The large choice schools, the proposal notes, would have De La Salle at the top but also potentially would include Cardinal Newman, Clayton Valley Charter, Bishop O’Dowd, Marin Catholic, Moreau Catholic, Justin Siena and St. Mary’s-Berkeley, most of which are smaller in student population than De La Salle.
Outside of the Concord powerhouse, the strongest Northern California private school programs generally are in the West Catholic Athletic League of the Central Coast Section (Valley Christian, St. Francis and Serra) and the Sac-Joaquin Section (St. Mary’s-Stockton, Central Catholic and Jesuit), though last season Cardinal Newman finished No. 33 in CalPreps.com’s state computer rankings.
“If you look at our schedule, we try to schedule as many parochial schools as we can,” De La Salle coach Justin Alumbaugh said. “We want our kids to get challenged. We are open to a lot of different things and a lot of different proposals. We just want a good, solid playoff system, and it just seems like we’re kind of meandering.
“It’s hard because up here there are less total private schools, unless you start including the WCAL. If you include them and include some private schools from the Sac-Joaquin, now you’ve got something.”
Alumbaugh added that he wishes that all of the Division I coaches and athletic directors could get in a room and find a solution.
“I believe there is an answer out there that fits public, private, big school, small school,” he said. “There has to be. But the problem is you get Division II or III and they’re not seeing what Division I is seeing, and Division I isn’t seeing what Division V is seeing.”
NCS president Eric Volta, superintendent of the district that includes Liberty, said the freedom given to private schools differs widely from public schools. He mentioned being at a mall and seeing a large private-school poster with athletes in uniform displayed prominently.
“There were some pictures of classrooms on there, in the lower corner,” said Volta, who declined to name the school. “But it wasn’t the major focus. That school needs to attract kids. They need to get people to want to come there. I understand that. I don’t fault them for putting up that poster.
“But if Antioch or Pittsburg or any other school were to do something like that, to try to get kids to apply for intradistrict or try to get fake addresses to come, we would be guilty of trying to recruit kids into our schools. There is a fundamental difference between the schools. They have to provide what parents want. We have to provide what the California Department of Education says we have to provide and how we do it.”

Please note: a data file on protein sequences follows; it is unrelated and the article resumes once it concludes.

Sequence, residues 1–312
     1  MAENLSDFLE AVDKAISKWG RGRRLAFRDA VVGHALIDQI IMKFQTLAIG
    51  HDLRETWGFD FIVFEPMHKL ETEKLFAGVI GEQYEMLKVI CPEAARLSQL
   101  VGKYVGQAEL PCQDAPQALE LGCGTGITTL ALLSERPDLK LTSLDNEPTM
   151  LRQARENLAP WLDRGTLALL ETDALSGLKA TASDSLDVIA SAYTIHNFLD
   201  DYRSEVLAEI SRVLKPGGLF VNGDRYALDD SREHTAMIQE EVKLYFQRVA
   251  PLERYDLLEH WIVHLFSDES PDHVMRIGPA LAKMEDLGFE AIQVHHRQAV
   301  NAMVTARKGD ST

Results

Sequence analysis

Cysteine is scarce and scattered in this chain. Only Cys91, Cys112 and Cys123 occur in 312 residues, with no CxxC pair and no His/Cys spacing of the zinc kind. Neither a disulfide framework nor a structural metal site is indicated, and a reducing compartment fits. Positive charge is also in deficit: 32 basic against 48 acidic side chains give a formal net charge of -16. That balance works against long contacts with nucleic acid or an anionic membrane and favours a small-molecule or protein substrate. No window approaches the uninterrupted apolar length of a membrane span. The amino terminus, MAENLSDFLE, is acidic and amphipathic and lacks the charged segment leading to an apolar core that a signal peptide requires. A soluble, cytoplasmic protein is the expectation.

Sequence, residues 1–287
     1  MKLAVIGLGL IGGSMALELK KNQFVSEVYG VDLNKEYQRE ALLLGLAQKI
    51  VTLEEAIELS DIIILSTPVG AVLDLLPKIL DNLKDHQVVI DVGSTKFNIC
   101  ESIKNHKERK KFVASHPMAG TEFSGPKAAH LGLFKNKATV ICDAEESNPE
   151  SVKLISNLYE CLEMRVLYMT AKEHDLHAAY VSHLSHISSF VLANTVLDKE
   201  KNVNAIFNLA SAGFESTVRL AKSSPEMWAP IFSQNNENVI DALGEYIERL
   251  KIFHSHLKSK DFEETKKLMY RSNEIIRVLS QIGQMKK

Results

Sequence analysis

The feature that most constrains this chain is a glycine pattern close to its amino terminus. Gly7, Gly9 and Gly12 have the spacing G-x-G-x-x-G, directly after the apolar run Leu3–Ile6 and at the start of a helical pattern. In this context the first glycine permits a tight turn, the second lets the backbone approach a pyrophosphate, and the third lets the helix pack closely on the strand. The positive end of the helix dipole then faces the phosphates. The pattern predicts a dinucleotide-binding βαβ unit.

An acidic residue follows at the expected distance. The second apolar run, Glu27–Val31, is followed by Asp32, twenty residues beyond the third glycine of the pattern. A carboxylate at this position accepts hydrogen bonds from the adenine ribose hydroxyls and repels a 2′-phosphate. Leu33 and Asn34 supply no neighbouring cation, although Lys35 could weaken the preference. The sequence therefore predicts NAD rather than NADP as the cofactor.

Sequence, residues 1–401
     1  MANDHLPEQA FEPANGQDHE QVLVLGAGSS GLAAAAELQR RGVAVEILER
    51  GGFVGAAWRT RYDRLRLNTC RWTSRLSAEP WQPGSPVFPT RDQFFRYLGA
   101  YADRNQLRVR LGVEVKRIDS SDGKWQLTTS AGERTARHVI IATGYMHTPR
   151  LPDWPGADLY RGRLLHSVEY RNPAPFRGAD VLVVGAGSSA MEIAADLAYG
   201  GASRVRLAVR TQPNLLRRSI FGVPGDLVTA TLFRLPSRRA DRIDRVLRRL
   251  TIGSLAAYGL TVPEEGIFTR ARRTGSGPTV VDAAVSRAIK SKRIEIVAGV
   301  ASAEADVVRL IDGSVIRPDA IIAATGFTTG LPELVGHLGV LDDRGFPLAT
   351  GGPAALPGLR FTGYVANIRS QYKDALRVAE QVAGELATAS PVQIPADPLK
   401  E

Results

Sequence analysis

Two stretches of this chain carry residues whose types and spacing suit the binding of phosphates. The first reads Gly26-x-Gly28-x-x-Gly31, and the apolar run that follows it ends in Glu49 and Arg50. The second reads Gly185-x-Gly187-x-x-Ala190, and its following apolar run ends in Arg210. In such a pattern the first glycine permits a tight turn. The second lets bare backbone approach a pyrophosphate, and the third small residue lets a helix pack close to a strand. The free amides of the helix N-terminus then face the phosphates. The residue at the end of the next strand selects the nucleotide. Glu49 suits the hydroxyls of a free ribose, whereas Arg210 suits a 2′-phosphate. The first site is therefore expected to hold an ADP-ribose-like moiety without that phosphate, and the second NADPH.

Of the 32 NCS titles private/charter schools have won the past decade, 10 belong to De La Salle. No other choice school has won more than four. No public school has won more than five.
De La Salle has not lost to any NCS school (public, private, charter) since 1991 and this fall will be going for its 28th consecutive section championship.
“We’re so proud of De La Salle and what they’ve accomplished,” said Lemmon, who is retiring at the end of the school year. “But they are going to lose at some point. That’s going to happen. I don’t know when. It wasn’t in my time frame. But I believe it will happen at some point.
“De La Salle has raised the level of competition. Our schools need to use them as an example to develop their own programs.”
How the divisions might look, according to the proposal:
Large choice: No. 1 De La Salle, No. 2 Cardinal Newman, No. 3 Clayton Valley Charter, No. 4 Bishop O’Dowd, No. 5 Marin Catholic, No. 6 Moreau Catholic, No. 7 Justin Siena, No. 8 St. Mary’s-Berkeley.
Small choice: No. 1 Salesian, No. 2 St. Bernard’s, No. 3 Stellar Prep, No. 4 St. Patrick-St. Vincent, No. 5 Berean Christian, No. 6 Harker, No. 7 California School of the Deaf, No. 8 St. Vincent de Paul.
Division I compulsory: No. 1 Liberty, No. 2 Pittsburg, No. 3 Freedom, No. 4 Monte Vista, No. 5 California, No. 6 Antioch, No. 7 Granada, No. 8 Amador Valley, No. 9 San Leandro, No. 10 Deer Valley, No. 11 Foothill, No. 12 James Logan.
Division II compulsory: No. 1 San Ramon Valley, No. 2 Rancho Cotate, No. 3 Campolindo, No. 4 Vintage, No. 5 Ukiah, No. 6 Santa Rosa, No. 7 Windsor, No. 8 Montgomery, No. 9 Redwood, No. 10 Livermore, No. 11 Casa Grande, No. 12 Alameda.
Division III compulsory: No. 1 Las Lomas, No. 2 El Cerrito, No. 3 Acalanes, No. 4 Benicia, No. 5 American Canyon, No. 6 Maria Carrillo, No. 7 De Anza, No. 8 Hayward, No. 9 Tamalpais, No. 10 Tennyson, No. 11 Concord, No. 12 Kennedy-Fremont.
Division IV compulsory: No. 1 Eureka, No. 2 Encinal, No. 3 Miramonte, No. 4 Del Norte, No. 5 San Marin, No. 6 Pinole Valley, No. 7 Kennedy-Richmond, No. 8 Terra Linda, No. 9 Analy, No. 10 Petaluma, No. 11 Alhambra, No. 12 Sonoma Valley.
Division V compulsory: No. 1 Fortuna, No. 2 Middletown, No. 3 Kelseyville, No. 4 Piedmont, No. 5 Fort Bragg, No. 6 St. Helena, No. 7 Cloverdale, No. 8 El Molino, No. 9 Clear Lake, No. 10 Arcata, No. 11 Lower Lake, No. 12 Hoopa Valley.